“The kids do not have direct contact with him at all. They don’t really know where he is. I know where he is but I had to agree to keep him safe,” she said. “It’s been a little scary because he’s in a place where they’ve been bombed heavily and he’s been on lock-down now for a month and so his communication with me has been sketchy. But what’s neat is the kids still hear from him.”
Barrett said the kids frequently ask about him and every so often, they help her fill up care packages with pictures they’ve drawn, knick-knacks they think he might like, even homemade cupcakes and cookies. She said they frequently ask if he’s doing alright and when he is able to communicate, she shares it with them. Davenport recently had a baby, she said, so the kids frequently about the baby, as well. She said Davenport sends pictures when he’s allowed and shares stories with the kids about famous people he’s met who came to the military base to visit.
“It’s like the servicemen and women are becoming real to them and they are seeing that it’s bigger than them,” she said. “A lot of times the kids don’t realize the world doesn’t revolve around them and not because they’re bad; it’s just because they’re kids and we’ve raised them to think the world revolves around them. Then one day we decide we want them to think of other people but we’ve never taught them that. This does.”
When asked what was at the root of her innovation, Barrett said it’s her sense of responsibility to teach the kids more than just ‘skill and drill.’
“I just feel like we adults have the responsibility to teach the kids nowadays the proper way to use technology and the proper way to handle themselves in public. We see children more than the parents do and that’s not a judgmental thing—the teachers at Calloway see my son more than I do,” she said. “I have the same curriculum as everyone else, I just don’t get so caught up in the little things. When I look at it I think about how I also want them to be able to shake hands and look people in the eye; I want them to know how to put together a good, solid outline; and I also want to teach them voice. I just don’t get so caught up in the little things.”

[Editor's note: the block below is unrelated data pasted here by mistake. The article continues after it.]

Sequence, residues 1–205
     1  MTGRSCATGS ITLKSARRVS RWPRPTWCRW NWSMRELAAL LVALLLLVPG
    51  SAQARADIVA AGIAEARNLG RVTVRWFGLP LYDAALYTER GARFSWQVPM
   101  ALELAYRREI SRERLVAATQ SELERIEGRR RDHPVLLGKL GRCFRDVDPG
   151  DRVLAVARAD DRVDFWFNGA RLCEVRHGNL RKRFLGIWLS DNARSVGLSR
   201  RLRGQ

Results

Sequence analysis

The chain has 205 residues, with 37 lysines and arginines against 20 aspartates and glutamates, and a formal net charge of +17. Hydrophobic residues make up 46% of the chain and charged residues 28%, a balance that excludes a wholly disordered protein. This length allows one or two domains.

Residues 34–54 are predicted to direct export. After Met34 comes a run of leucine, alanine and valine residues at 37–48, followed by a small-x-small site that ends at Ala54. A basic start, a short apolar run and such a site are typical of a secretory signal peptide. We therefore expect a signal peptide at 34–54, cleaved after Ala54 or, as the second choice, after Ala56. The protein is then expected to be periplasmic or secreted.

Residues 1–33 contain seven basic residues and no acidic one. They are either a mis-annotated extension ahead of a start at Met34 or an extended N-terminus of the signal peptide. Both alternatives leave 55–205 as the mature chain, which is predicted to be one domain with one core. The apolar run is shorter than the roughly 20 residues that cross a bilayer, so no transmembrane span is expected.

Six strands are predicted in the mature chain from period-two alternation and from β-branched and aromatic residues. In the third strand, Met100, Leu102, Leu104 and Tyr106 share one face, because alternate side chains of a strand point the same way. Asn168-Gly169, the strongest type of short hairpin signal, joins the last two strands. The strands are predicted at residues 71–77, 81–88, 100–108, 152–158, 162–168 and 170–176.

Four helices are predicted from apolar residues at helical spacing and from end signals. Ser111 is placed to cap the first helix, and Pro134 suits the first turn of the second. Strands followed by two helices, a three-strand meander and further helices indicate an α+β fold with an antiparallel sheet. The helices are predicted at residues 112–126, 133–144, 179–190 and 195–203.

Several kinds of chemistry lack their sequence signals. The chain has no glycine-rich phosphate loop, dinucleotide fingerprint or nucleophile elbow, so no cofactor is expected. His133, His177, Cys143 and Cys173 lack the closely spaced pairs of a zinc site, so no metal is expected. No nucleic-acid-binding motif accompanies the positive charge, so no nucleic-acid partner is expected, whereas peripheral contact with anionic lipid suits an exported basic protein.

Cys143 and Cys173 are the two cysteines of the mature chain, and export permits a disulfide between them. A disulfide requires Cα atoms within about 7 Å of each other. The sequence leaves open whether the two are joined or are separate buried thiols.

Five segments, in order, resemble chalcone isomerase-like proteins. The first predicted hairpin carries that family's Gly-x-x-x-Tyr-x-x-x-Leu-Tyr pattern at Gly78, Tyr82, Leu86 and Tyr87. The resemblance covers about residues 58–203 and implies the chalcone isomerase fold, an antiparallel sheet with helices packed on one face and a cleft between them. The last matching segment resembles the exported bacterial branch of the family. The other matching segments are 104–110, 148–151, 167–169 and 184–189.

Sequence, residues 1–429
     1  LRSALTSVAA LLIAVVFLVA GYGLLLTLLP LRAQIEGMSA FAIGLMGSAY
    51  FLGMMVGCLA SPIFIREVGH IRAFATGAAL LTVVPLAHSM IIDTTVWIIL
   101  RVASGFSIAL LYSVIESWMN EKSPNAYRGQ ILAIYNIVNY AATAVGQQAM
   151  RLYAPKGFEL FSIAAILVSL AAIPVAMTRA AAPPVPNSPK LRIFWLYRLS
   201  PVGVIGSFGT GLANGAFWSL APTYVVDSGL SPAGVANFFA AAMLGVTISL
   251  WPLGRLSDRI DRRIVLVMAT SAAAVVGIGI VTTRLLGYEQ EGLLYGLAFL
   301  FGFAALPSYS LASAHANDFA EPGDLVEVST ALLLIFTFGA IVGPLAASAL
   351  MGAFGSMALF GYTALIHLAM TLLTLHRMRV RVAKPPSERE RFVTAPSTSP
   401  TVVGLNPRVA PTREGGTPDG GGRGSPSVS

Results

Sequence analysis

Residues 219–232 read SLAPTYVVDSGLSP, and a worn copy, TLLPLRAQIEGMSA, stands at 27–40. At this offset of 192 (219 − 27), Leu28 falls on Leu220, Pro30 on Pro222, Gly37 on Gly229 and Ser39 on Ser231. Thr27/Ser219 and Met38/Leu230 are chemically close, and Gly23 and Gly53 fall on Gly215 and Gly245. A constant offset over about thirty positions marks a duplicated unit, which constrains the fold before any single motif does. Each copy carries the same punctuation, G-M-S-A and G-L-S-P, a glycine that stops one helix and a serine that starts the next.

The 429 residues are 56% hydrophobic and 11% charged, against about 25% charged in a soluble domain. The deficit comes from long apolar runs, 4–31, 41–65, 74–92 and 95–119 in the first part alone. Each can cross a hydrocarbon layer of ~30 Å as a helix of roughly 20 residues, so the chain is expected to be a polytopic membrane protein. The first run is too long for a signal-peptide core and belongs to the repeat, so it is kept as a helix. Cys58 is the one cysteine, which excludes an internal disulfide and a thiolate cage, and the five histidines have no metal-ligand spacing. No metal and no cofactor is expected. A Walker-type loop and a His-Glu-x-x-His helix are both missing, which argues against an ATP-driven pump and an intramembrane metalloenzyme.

Barrett has also been active with the Marshals for Christ, although she refuses to take any responsibility for its inception. She said the school system had something similar before she arrived but some 8th graders approached her early in the school year and asked why the school couldn’t have a faith-based or Christian-based organization.
“I told them we could, I’d just been waiting for the opportunity,” she said. “So I enlisted the help of my friend, Scott Pile, who has been involved in Lakers for Christ at Calloway for a long time, and I modeled it after his.”
Barrett said while it’s more of a devotional than a sermon, Bro. Allen Miller “has been a staple” in the program and even brings breakfast for the kids from time to time. She said they try to have a different speaker every week and also try to keep it non-denominational.
Regarding the size of the group, Barrett said it has “flourished.” She said for the first meeting on Sept. 16 there were 33 students present. For the March 3 meeting, there were 78 students present.
Barrett said the community has been supportive and the kids have showed enthusiasm. She said one student went as far as using his own money to purchase a ‘prayer box’ that sits on her desk, which students fill with post-it notes marked with prayer requests the group prays over during their weekly meeting.
“People say God is not in our schools but actually, He is; it’s what you’re willing to allow,” she said.
Barrett said she’s still learning her way around Marshall County and meeting the community and making new friends but so far, she’s found the county “welcoming and friendly.”
She said, “It was a good time to come here too because we’re all new and we’re all learning. We’re all trying to build a culture and so this is just a perfect time.”